Ceredigion CAB faces uncertain future
2:34pm Tuesday 3rd December 2013 in News
CEREDIGION Citizens Advice Bureau has warned that the public will be forced to take their problems to their MP if funding cuts go ahead after the latest announcement of a 5% year on year budget cut by Ceredigion County Council.
After losing out on a recent round of Supporting People grants together with the CAB’s legal aid ending, Bureau management is being forced to consider reducing opening and staff hours. The many vulnerable people who turn to CAB for help and advice will be left with no suitable alternative.
Chairman Paul Hinge says: ‘Annually, we are seeing a steady increase in the demand for the services CAB provides and the cases are becoming more complex and complicated. In the last 3 years demand has grown by double figures each year translating into over 12,401 issues dealt with by the bureau in Ceredigion.’
Many are not aware that the CAB is a local charity, one that relies solely on grant aid, the generosity of the public and various funding projects, which are becoming harder to secure. The bureau does not receive core funding centrally from Citizens Advice, instead it’s fully reliant on the Council and other projects, which means it has been dramatically affected for many years by having a stand-still budget allocation. It will take a heavier blow for 2014/15 if the Council’s proposed 5% actual reduction goes ahead. The indication is that this will just be the start of year-on-year cuts which certainly means the future outlook for free advice in Ceredigion looks bleak!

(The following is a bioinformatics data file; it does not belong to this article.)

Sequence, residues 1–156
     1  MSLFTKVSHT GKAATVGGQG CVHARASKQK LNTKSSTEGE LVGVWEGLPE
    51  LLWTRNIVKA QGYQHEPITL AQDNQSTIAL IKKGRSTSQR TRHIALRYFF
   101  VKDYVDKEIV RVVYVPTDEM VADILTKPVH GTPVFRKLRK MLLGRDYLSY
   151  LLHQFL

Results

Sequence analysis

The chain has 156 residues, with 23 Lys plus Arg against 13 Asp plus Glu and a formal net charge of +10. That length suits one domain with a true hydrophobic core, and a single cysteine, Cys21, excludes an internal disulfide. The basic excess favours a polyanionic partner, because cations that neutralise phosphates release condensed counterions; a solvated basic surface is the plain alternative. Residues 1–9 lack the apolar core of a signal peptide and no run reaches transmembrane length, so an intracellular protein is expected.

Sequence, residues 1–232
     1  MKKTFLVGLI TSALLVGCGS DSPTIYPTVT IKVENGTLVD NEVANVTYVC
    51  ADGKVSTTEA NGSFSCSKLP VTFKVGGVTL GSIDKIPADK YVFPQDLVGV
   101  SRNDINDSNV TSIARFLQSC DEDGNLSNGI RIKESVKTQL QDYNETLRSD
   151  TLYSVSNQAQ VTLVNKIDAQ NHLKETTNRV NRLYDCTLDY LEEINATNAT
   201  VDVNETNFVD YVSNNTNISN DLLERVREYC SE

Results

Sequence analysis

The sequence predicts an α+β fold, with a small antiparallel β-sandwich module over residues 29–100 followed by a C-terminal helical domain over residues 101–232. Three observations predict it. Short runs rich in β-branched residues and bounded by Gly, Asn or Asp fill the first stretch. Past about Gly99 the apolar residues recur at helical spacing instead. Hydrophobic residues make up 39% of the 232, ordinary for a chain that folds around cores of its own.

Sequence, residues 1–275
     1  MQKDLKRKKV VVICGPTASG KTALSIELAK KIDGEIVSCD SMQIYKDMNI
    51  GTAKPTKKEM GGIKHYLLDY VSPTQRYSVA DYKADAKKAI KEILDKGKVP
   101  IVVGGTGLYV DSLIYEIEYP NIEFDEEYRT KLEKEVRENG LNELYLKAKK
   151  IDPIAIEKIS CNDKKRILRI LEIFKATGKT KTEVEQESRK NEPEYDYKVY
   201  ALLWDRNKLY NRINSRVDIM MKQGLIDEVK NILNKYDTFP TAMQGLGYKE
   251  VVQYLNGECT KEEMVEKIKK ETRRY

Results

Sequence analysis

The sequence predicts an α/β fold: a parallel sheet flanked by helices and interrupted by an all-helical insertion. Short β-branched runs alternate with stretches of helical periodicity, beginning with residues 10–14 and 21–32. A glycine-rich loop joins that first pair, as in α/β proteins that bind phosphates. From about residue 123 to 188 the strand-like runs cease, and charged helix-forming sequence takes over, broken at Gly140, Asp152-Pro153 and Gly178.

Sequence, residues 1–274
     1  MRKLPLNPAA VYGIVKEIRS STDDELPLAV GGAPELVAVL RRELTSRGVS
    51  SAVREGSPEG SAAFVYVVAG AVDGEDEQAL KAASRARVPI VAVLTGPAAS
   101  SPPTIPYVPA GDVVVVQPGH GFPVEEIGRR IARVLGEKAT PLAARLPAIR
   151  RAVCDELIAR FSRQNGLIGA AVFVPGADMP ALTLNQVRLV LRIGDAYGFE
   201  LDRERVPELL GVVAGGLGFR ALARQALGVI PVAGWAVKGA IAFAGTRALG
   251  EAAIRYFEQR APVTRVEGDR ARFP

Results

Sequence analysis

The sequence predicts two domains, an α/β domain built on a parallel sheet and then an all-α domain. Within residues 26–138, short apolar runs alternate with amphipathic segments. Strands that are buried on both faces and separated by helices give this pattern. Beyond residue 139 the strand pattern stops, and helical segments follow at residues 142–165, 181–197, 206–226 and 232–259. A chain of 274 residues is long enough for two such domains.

Chief Officer, Catrin Evans says: ‘We need around £180k per year to operate a basic service with an office in the North and South of the County. To include our specialist services, our funding needs to be in the region of £500,000. With our core funding from Ceredigion and Pembrokeshire only £70,981 in total per annum, finding the remaining money has become very difficult in the current funding climate. The CAB is currently undertaking a service review with the very real danger of office closure, reduced opening hours and reduced specialist support. Last year the bureau dealt with over 12,401 issues. With reduced funding the only option left to people will be to take their cases to local councilors, council services, the MP & AM.’
Staff at the CAB come under increasing pressure to respond to demands from other agencies, including those funded by the Council, to ‘help out’ with more complicated and specialist enquiries. Development Officer, Serretta Bebb, points out, ‘The Bureau’s specialist services, and the CAB itself, are under direct threat if the proposed cuts go ahead, which would leave many more agencies and services without our advisers as a go-to port of call. People in Ceredigion need to know that if the CAB isn’t properly funded, ultimately, it will be lost. And the costs – human and financial, as well as the detrimental effect it will have on other agencies to deliver their objectives – will be far in excess of the grant we are seeking.’
Cllr Hinge added: "If you want to continue to see a free, confidential, independent and impartial advice service in the community we urge you to write to your local councilor, MP and AM and sign our petition located at our offices. You can also help by making a donation, no matter how big or small, to Ceredigion CAB in Napier St, Cardigan or Cambrian Place, Aberystwyth or to our donate page on our website www.cabceredigion.org "